Behind the scenes at a California dispensary preparing for legal pot on Jan. 1
For years the only way to get marijuana was to grow it at home illegally or buy it on the black market. But today 205 million Americans live in a state where marijuana is legal for either recreational or medical use. Kristen Hwang/The Desert Sun
CATHEDRAL CITY, Calif. — John Chaisson didn’t get into the marijuana business to turn customers away.
But Chaisson reckons that his dispensary, Atomic Budz, sends a handful of would-be customers home without so much as a gram every day. Unless they have prescriptions, it’s illegal for him to let them step into the store.
Not for long. California is less than a month away from allowing any adult 21 and up to purchase marijuana from a licensed dispensary. No doctor’s note needed.
With that change on the horizon, pot shops like Atomic Budz that are a part of California’s $2 billion-a-year medical cannabis industry have spent the past year hustling to stay on the right side of state and local laws. They’re stocking up on different cannabis products and staffing up in anticipation. And they’re doing whatever it takes to thrive in the largest legal pot market in the nation.
“If you don’t have good product in the market, you’re not going to last,” Chaisson said. “But if you do, what’s going to differentiate you?”
Chaisson thinks he’s found the right formula to make his dispensary off of Highway 111 inthe Southern California desert town of Cathedral City a hit. It’s a combination of strict adherence to the law, savvy marketing, vertical integration and attention to detail that he compares to the craft beer industry.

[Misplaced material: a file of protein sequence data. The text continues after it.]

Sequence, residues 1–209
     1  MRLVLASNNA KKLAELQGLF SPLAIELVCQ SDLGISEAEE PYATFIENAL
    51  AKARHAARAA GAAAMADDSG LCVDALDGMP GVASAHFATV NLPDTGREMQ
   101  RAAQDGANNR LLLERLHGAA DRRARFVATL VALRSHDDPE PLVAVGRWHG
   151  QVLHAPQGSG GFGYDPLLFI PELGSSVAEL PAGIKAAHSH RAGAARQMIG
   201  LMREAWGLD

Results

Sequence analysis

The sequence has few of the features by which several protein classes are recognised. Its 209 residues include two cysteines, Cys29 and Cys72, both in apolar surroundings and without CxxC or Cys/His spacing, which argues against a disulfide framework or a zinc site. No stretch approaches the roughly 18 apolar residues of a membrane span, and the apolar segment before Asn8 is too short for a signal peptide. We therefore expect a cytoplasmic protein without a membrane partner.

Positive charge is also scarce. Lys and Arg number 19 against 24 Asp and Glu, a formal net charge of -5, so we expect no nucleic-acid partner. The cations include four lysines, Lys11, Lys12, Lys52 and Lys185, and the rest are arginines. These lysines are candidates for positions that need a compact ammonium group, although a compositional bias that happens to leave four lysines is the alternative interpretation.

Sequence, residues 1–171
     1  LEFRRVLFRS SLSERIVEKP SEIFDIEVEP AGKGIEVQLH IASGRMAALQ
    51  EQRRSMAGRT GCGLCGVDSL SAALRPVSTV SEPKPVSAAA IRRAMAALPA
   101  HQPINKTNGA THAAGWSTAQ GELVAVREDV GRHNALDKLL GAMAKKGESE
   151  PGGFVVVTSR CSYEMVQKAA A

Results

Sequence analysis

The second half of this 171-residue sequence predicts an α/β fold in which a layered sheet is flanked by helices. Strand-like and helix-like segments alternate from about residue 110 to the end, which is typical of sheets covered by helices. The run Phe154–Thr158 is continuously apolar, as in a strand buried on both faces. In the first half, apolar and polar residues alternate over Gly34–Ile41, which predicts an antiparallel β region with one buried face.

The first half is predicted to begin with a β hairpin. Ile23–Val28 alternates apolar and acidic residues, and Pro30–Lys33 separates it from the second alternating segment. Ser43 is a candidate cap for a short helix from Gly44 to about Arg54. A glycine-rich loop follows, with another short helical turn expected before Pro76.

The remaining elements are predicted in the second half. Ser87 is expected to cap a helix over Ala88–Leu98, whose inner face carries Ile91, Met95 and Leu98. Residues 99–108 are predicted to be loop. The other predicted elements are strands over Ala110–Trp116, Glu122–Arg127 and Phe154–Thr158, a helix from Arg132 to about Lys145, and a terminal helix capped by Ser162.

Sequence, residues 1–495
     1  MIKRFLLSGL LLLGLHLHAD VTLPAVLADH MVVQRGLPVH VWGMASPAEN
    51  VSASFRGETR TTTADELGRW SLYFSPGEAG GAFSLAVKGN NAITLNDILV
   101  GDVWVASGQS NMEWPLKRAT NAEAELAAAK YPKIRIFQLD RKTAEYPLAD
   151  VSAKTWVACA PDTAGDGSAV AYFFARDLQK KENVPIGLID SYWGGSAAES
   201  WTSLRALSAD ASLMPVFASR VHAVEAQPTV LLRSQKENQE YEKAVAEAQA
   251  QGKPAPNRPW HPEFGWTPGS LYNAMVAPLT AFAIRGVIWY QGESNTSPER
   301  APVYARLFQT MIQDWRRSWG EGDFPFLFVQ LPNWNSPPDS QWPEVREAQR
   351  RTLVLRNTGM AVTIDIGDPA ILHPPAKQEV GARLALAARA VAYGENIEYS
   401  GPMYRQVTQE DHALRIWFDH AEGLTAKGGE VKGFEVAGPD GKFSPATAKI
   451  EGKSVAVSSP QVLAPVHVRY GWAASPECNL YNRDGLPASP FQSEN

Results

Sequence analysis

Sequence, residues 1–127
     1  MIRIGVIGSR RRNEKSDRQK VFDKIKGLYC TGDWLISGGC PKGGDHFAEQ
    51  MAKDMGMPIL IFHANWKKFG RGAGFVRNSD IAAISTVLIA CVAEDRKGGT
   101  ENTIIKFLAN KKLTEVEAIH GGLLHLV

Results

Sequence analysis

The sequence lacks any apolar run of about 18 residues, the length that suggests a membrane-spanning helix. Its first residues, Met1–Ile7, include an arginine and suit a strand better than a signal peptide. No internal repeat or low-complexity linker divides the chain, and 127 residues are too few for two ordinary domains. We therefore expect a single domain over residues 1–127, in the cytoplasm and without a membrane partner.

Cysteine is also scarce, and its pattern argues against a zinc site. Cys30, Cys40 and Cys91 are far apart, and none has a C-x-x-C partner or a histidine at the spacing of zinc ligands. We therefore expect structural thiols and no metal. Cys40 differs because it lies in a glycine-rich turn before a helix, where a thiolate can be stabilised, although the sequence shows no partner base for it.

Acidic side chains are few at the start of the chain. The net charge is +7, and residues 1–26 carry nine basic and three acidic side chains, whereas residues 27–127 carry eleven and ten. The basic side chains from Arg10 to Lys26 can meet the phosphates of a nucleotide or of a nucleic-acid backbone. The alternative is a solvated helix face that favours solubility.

“How did handcrafted beer stand up to the big beer makers?” he asked. “They went in and they built a brand based on quality.”
BACKGROUND: Marijuana goes legal in California on Jan. 1 – what you need to know
Atomic Budz can already check off the first item on its list of preparations for the brave new world of recreational marijuana: showing up.
“Being in the game early and paying attention to where the industry is going to go – that I think determines your success in this industry,” Chaisson said, sitting in his office above the retail floor of his dispensary.
That’s why Chaisson, who once managed information systems for the University of Washington and ran a tile store in downtown Palm Springs, is glad to have a foothold in California prior to legalization.
Chaisson has been through his fair share of economic boom times. He’s flipped houses, played the stock market and worked for a tech company when each of those sectors was riding high. He thinks catching the cannabis wave is also a matter of timing.
His company’s Cathedral City storefront is hard to miss: a lime green, corrugated metal box with a mural of Coachella Valley mountains and windmills on one side and a large Atomic Budz sign slung over the front door. It opened in January 2017.
Inside, the waiting room has the vibe of a funky doctor’s office, with a white couch facing the front window where a clerk checks in customers and a long wall covered with white porcelain tile.
“Our place looks like the places in LA,” said Chaisson, who holds an MBA from St. Edward’s University in Austin.